Once upon a time, I played Eponine in Les Miserables.
For three months, this show has been the most exciting part of my life. Really, this is one of the greatest things that's ever happened to me. It's not every day that a dream like this comes true. And that's what this has been-- a dream come true. It's always been a dream of mine to be in a musical, period. Then when I started to love Les Mis so much, I dreamed of one day being a part of it. But to play Eponine....!!!! That was the greatest part. I am so happy and so blessed and so absolutely thrilled that I've gotten the opportunity to do this, because it's what I've always wanted to do. Three months of rehearsals, twelve shows, and I had the time of my life. And now...
It's all over. The end.
I'm feeling pretty sad about it, of course. The word most people around me have been referring to the wrapping up of the show as is 'bittersweet', which I guess is fitting. There is a small part of me that feels relieved to have my evenings at home back, and more time to think and concentrate on other things (like, um, writing for one) instead of having the show on my mind ALL the time. But it sure is going to be hard to get back into a normal routine after all the excitement of the past few weeks. I've dreamed the dream and now it's over. I may never have the chance to be in Les Miserables again. I may never see some of the people I worked with again. *sniffle* And I will no longer be Eponine.
But no, I'll always be Eponine. :-)
This has been an experience that I will always remember. Forever and always. It hasn't been all fun and happy the whole way-- no sir. It's been work. I remember during the second month of rehearsals, there was a time when I wasn't feeling too good about the whole thing-- about my acting, and about being around so many people all the time. (I'm a very staunch introvert, and often people and I don't mix well.) My confidence in my singing ability even wavered slightly. (And people, that NEVER happens. When Emma starts doubting her singing, you know things are going down.) But that's all been part of the journey. It's definitely been a learning experience, as well as an oh-my-goodness-this-is-everything-I've-ever-wanted-now-I-can-die-in-peace sort of thing. The Lord has used this season of my life to teach me several things about myself, about how He works through us, and about other people and my relation to them. So no, it hasn't by any means been easy. But it's been worth it. Oh my goodness, has it been worth it.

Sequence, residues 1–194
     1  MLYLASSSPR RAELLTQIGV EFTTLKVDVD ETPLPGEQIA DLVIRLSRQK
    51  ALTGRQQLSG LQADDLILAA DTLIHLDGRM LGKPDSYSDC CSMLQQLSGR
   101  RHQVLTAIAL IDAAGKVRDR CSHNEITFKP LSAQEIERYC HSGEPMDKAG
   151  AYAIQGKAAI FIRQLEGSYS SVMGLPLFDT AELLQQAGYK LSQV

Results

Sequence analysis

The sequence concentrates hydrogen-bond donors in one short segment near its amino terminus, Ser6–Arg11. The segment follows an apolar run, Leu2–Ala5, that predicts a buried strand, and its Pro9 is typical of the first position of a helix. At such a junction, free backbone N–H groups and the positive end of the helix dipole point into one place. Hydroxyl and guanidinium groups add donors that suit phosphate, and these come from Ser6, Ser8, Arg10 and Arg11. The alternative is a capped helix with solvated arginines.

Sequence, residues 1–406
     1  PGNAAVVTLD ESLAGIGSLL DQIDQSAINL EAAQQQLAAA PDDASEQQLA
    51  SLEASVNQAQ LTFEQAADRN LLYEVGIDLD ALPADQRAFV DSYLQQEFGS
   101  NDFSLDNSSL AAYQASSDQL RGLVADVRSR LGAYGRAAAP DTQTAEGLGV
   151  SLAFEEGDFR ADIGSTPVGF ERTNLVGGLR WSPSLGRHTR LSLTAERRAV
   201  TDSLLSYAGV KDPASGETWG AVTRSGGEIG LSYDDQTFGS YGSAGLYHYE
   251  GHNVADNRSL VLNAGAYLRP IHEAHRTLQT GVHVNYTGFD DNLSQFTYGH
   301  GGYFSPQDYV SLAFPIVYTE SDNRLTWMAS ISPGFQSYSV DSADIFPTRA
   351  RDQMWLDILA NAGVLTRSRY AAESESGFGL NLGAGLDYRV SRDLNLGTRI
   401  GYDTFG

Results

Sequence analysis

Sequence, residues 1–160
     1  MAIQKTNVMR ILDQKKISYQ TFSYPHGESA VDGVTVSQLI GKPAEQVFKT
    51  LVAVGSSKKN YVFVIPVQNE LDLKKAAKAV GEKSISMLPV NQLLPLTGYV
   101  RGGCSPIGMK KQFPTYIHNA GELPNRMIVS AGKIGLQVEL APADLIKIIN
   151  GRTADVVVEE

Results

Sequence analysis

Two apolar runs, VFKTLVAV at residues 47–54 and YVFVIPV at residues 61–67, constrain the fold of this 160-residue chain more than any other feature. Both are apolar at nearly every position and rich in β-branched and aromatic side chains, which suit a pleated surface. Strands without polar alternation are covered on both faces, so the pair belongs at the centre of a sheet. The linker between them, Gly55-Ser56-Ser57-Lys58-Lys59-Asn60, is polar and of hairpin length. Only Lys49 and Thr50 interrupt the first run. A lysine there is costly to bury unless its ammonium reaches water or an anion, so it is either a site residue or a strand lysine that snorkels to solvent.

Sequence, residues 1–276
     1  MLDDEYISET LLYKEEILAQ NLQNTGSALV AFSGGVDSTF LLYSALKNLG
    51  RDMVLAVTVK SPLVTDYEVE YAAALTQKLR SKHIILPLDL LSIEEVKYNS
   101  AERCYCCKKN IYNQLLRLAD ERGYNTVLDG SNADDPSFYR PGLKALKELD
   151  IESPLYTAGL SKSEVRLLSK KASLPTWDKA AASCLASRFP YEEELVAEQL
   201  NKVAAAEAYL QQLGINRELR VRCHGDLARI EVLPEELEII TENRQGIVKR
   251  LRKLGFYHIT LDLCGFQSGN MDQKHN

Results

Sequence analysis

So now that it's all over, I am now going through the inevitable listless, dreary drudgery known as post-musical depression. Tough stuff, people. The best cure for that, I've found, is books, popcorn, laughter, and Dr. Quinn. ;-P
Of course I can't describe just what a tremendous thing it was, much as I would like to. I don't have the words (nor the time) for that. But here's a glimpse of what being in Les Miserables was like for me.
|The Eponines-- big and little (although here she's in her costume for the beggars)|
|Me and little Cosette|
Being in Les Mis was interesting. VERY interesting. If you know me well, you know that I like to observe people. I met so many unique and talented people, and became good friends with some of them. I may not be the most socially adept person, and it is true that people exhaust me (hey, I'm not gonna lie ;-P), but I certainly find them interesting. It's the writer in me. :-)
|Gavroche photo-bombing our picture ;-P|
|Mary and Me :-)|
Being in Les Mis was amazing. Completely and utterly awesome. And I've come through it all with a newfound knowledge of musical theatre, the acting world, and with every single stinkin' line of the show memorized. No joke. It's pretty awesome, but it can get annoying when the music is running through your mind literally ALL the time and at night when you're trying to go to sleep and all you can think about is "Valjean, at last, we see each other plain....M'sieur le Mayor, you wear a different cha-ain..." :-)
If you've never been in a musical before, you cannot possibly know the thrill of pure joy that occurs when you're standing on the barricade at the very end of the show, singing with the entire cast the words "It is the future that they bring when tomorrow comes!" , and the curtain lowers on you as the crowd erupts in cheering and applause. It was an entirely new sensation to me, and one that I hope I will get to experience again. I guess I've been bit by the theater bug, you could say. ;-P
Then there's also that wonderful feeling of accomplishment when you come out to take your bow and the audience cheers wildly for you. Wow. Another something I will never forget.
|Eponine taking her bow :-)|
Big long post with lots more pictures from the show coming soon! :-)
And now, in the words of Jean Valjean: another story must begin.